WITH its 20mm lower roofline, larger 18-inch wheels, increased ground clearance and longer/shorter front/rear overhangs, the third-generation Honda HR-V is much more stylish and sleek than its predecessor.
Compared to the first generation HR-V, it makes it look a very ugly duckling.
It's also slightly longer and rides 10mm higher than the second-generation model.
A self-charging hybrid, it's powered by a 1.5-litre petrol engine and two electric motors which send a total of 129bhp to the front wheels via a fixed ratio eCVT transmission.
It officially returns 52.3mpg so, after many miles of driving, I was well pleased with the 47.3mpg I managed.
There's three selectable drive modes - Eco, Normal and the far from necessary Sport - all of which offer different levels of electric-combustion input. The powertrain itself automatically flits between petrol-only, EV-only or a combination depending on the driving conditions and requirements.
Drivers can also select B-range from the transmission, which offers selectable levels of energy recovery when coasting or braking.
It's the most spacious car in its class and four adults will all fit comfortably, with impressive leg and shoulder room, especially in the rear.
The boot is 320 litres but the HR-V features Honda's fabulous ‘Magic Seats', which fold down to create up to 1,290 litres of boot space or flip up to create a tall and wide alternative cargo area behind the front seats.
Honda says surfboards can be carried inside the vehicle and that two adult mountain bikes could be carried if their front wheels were removed.
There are just the three trims - entry-level Elegance, mid-range Advance, with Advance Style the plushest.
Standard features fitted across the range include LED headlights, heated front seats, 18-inch alloy wheels and media connectivity through an easy-to-use nine-inch centre dash touchscreen with Apple CarPlay and Android Auto smartphone-mirroring plus reversing camera.
In place of traditional dashboard air vents, there are instead two L-shaped outlets by the front pillars - Honda's 'Air Diffusion System' - which directs air down the inside of the windows and provides a curtain of air to cool or warm the car without generating a draught.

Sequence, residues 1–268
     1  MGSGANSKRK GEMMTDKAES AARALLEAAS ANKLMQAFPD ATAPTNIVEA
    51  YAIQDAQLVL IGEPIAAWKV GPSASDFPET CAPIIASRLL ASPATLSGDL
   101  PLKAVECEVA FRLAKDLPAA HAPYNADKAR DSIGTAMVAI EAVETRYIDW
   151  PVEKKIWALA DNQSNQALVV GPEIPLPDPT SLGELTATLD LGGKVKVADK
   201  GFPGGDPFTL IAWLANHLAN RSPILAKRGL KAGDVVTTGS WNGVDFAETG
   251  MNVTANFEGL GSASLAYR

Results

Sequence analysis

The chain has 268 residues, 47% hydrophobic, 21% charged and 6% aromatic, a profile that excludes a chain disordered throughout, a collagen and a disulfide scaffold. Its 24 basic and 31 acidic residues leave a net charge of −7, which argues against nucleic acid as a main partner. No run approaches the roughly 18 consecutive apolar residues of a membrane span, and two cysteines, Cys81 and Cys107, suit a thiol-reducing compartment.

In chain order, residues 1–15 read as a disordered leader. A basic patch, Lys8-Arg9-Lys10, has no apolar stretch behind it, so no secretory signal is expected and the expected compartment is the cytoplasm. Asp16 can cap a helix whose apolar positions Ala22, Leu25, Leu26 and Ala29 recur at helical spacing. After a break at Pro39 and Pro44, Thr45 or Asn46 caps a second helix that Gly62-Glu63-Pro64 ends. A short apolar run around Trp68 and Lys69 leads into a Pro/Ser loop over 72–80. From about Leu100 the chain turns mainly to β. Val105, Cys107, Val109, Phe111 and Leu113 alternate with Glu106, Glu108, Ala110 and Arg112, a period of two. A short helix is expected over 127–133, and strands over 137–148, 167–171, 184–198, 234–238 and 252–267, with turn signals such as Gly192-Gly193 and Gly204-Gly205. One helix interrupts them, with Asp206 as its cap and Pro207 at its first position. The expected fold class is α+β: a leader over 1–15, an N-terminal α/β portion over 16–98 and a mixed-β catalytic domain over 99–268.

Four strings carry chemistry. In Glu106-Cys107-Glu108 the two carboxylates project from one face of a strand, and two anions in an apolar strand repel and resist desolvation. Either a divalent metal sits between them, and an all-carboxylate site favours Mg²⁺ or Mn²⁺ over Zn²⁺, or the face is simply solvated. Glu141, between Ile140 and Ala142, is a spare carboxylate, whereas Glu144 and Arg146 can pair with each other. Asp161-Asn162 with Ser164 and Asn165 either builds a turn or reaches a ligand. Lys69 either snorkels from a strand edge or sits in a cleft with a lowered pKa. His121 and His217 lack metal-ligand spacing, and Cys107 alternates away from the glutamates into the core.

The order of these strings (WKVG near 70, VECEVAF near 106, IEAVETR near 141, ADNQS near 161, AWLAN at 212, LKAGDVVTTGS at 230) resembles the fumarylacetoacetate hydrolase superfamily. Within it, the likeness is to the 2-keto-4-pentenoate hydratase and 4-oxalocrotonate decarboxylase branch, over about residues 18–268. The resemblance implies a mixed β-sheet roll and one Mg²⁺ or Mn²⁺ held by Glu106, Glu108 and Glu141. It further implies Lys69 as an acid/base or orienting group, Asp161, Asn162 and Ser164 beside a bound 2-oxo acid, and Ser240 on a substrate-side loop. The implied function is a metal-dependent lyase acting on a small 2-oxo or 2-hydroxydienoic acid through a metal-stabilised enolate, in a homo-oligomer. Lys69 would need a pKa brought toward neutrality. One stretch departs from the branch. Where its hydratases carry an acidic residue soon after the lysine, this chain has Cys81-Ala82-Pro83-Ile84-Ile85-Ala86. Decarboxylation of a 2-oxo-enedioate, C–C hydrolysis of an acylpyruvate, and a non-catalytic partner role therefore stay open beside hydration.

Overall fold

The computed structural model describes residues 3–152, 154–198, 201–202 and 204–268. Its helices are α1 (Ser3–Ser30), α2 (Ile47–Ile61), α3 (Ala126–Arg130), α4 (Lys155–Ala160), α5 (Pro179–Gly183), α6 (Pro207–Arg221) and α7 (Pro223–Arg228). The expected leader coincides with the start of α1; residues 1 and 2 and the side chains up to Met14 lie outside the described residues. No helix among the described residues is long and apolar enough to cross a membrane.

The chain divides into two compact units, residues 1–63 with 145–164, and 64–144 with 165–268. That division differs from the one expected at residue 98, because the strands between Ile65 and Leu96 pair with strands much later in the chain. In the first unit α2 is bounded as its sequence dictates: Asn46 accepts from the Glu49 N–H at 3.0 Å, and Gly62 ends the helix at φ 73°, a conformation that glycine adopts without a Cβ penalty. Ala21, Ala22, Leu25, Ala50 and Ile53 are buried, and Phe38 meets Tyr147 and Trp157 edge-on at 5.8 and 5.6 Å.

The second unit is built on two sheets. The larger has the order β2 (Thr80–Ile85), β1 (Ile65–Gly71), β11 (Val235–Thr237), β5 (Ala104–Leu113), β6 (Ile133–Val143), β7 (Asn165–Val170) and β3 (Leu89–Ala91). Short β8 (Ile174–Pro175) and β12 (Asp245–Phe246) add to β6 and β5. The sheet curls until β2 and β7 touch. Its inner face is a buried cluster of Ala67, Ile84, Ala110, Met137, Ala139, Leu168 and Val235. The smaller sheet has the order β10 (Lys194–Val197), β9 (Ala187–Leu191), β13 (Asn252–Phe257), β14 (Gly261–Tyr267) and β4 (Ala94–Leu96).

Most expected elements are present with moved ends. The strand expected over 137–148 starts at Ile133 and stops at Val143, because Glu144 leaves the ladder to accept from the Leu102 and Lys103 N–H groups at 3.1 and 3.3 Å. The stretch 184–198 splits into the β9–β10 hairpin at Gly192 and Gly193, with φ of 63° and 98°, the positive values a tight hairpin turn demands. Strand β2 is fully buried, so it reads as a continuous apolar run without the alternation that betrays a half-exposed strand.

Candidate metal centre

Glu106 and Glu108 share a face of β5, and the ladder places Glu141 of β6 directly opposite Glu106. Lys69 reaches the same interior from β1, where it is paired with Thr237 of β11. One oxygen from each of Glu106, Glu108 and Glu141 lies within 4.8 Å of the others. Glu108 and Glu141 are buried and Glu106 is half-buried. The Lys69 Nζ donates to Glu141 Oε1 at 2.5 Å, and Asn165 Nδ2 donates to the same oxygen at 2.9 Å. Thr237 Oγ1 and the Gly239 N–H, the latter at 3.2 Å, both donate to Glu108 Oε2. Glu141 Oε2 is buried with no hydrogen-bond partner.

Boosting its family credentials further still, all variants are also equipped with the excellent Honda Sensing package of safety technology and driver aids, which has also been beefed up for the HR-V.
The Advance variant adds a powered tailgate with hands-free access, a heated steering wheel and upgraded synthetic leather and fabric interior trim.
At the top of the range, Advance Style models add a contrast roof colour, LED active cornering lights, an upgraded audio system and a wireless smartphone charging function.
The driving position in the third-generation HR-V is 10mm higher with good visibility out the front. The steering is accurate with a decent feel that promotes confidence when turning in. The ride is very comfortable without being slushy and there's little wind noise at higher speeds.
It's very smooth driving around town and, once up to speed, a serene motorway cruiser. The niggle, as with older versions and other Japanese autos, is the eCVT gearbox which, when accelerating hard, takes a moment or two to catch up. And, while Honda has worked hard on keeping the noise down, the drone at such a time spoils the refinement.
It is a minor point and most will find it easy to live with because of all the HR-V's many positive points at the forefront of which are space, comfort and style
129bhp, petrol-electric engine driving rear wheels via a direct drive single speed eCVT gearbox